Air Pollution

Air pollution refers to the introduction of harmful substances into the atmosphere. Various human activities release pollutants into the air. Some of the major pollutants in our atmosphere include:

  • Sulphur oxides: These are chemical compounds of sulphur and oxygen. Of these, sulphur dioxide is of particular concern. The burning of coal and petroleum causes sulphur dioxide to be released into the atmosphere. It may react with nitrogen oxide and water molecules in the air to produce acid rain. Acid rain refers to rain (or any other form of precipitation) which is unusually acidic because of pollution. Acid rain can affect plants by slowing their growth or killing them. In some countries, such as Germany and Poland,  large areas of forest have been damaged. Buildings, statues and vehicles can be corroded. Acid rain can also affect water bodies such as lakes, harming or killing the creatures which live in them.
  • Nitrogen oxides: These are chemical compounds of nitrogen and oxygen. The high temperature combustion (burning) of coal and petroleum produces nitrogen oxides. Nitrogen dioxide in the atmosphere contributes to the formation of acid rain. Nitrogen dioxide can irritate the lungs and lead to an increase in respiratory illness especially in children. Nitrogen oxides in the atmosphere also contribute to the formation of ground level ozone.
  • Carbon monoxide: This is a poisonous gas formed as a result of the incomplete combustion of fuels such as coal, petroleum, natural gas or wood. It reduces the body’s ability to carry oxygen to the organs and tissues of the body. Vehicle exhaust is a major source of carbon monoxide.
  • Particulates: This refers to tiny solid or liquid particles found in the air. They include dust, smoke, soot, metals, acids and organic chemicals. Some of these particles are released into the atmosphere from quarries, construction sites, unpaved roads and factories. Others form in the atmosphere as a result of the reaction of chemicals such as sulphur dioxide and nitrogen oxides. Some particles are so tiny that they can be inhaled deep into the lungs causing health problems. These health problems include difficulty breathing and decreased lung function. Particulates can also aggravate existing  conditions such as asthma and lung disease. Particles in the atmosphere can also reduce visibility.
  • Chlorofluorocarbons (CFC’s): These are chemicals which contain atoms of chlorine, fluorine and carbon (hence the name). CFC’s were once commonly used in refrigerants and aerosols. They are not toxic or flammable but they are harmful to the environment. About 20km – 40km above the Earth’s surface, there are high concentrations of ozone (O3). This ozone layer protects us by absorbing much of the Sun’s harmful radiation. When CFC’s are released into the air, they may rise high into the atmosphere where they destroy ozone molecules, thereby depleting our ozone layer.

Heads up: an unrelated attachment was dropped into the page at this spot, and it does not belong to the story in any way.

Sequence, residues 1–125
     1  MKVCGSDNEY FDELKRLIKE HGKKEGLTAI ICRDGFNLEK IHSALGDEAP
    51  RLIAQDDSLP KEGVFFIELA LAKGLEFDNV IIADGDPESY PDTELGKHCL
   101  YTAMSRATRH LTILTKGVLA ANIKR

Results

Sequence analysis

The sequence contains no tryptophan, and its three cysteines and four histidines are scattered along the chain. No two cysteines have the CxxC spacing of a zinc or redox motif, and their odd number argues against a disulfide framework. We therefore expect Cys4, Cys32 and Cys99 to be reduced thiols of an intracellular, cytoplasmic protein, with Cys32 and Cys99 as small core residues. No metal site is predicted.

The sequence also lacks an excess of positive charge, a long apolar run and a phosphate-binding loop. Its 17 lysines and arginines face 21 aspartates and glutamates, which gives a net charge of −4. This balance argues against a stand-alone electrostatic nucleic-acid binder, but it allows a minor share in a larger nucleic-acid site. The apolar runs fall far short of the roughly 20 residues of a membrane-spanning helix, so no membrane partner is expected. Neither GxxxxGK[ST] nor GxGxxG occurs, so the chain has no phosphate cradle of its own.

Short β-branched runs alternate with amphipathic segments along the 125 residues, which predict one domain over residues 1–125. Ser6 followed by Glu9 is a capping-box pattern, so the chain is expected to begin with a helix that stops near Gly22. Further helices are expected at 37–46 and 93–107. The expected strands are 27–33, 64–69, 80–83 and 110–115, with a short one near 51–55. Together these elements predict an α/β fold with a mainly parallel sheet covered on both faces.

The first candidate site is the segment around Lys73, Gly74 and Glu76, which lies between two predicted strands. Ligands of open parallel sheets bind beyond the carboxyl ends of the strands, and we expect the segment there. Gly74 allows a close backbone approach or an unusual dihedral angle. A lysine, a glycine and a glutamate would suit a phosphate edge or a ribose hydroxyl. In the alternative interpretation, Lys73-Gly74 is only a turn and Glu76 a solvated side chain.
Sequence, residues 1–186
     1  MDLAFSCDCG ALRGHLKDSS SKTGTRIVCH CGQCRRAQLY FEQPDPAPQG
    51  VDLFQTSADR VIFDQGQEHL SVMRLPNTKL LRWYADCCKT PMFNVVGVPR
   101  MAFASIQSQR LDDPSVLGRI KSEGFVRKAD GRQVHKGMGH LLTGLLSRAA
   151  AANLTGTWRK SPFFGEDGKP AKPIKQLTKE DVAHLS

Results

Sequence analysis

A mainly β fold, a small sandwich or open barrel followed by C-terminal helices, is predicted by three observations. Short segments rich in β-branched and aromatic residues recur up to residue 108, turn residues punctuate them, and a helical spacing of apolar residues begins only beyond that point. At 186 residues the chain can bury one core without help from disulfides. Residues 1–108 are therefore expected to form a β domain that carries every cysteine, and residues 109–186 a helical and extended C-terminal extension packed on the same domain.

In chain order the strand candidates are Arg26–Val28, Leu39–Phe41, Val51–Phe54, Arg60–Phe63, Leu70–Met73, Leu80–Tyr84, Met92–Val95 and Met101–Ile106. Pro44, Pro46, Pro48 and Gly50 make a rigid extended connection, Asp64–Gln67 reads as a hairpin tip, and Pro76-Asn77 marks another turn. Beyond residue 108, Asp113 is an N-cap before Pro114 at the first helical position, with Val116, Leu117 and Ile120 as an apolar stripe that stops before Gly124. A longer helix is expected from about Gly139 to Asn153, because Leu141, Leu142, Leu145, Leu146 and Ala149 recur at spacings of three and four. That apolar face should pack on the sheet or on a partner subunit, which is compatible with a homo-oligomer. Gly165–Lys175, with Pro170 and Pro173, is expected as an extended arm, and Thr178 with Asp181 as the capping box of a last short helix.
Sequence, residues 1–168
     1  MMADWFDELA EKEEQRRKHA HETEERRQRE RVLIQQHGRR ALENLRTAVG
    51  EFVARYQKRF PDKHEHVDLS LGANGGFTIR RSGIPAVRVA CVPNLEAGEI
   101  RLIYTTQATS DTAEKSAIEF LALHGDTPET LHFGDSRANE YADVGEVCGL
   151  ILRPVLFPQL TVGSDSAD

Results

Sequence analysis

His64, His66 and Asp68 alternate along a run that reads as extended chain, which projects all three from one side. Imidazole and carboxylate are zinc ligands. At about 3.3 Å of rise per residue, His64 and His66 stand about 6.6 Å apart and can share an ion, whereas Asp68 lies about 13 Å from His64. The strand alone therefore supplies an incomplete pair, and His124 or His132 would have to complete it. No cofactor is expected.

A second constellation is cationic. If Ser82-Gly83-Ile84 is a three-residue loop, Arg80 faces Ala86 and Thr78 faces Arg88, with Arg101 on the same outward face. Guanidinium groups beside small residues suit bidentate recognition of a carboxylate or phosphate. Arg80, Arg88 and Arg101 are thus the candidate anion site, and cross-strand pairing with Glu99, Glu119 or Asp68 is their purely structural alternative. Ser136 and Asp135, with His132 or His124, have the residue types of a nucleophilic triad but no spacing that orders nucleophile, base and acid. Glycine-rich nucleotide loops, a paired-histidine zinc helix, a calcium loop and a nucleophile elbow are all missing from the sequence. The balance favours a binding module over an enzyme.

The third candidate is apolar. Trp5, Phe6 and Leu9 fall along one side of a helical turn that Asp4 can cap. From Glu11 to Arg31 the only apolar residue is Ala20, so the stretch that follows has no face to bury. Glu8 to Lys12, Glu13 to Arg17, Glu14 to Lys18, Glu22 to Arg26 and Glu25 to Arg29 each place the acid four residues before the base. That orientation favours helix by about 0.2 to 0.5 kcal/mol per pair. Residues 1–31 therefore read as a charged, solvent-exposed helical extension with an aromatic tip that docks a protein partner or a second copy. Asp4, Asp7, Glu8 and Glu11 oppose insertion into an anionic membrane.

• Ground level ozone:  While the ozone layer protects us from harmful solar radiation, near ground level, ozone acts as a pollutant. This  pollutant forms in the lower atmosphere as a result of a chemical reaction between nitrogen oxides and other pollutants known as volatile organic compounds. This chemical reaction is caused by sunlight. Inhaling ozone can cause a variety of health issues including chest pain, congestion, coughing and reduced lung function. It can cause conditions like asthma, bronchitis and emphysema to worsen.Ground level ozone (also called bad ozone) is a major component of smog. Smog is a type of pollution which can form when ground level ozone mixes with other pollutants in the air. Smog can be described as a low cloud of pollutants and it can be observed hovering over many of the world’s developed cities.

 

This photo was taken in New York in1988. A thick blanket of smog can be seen over the city.

This photo was taken in New York in 1988. A thick blanket of smog can be seen over the city.

Watch the video below which shows the effects of air pollution

Related Pages

 

References

http://www.epa.gov/airquality/urbanair/

http://www.epa.gov/acidrain/what/

http://www.who.int/topics/air_pollution/en/index.html\

 

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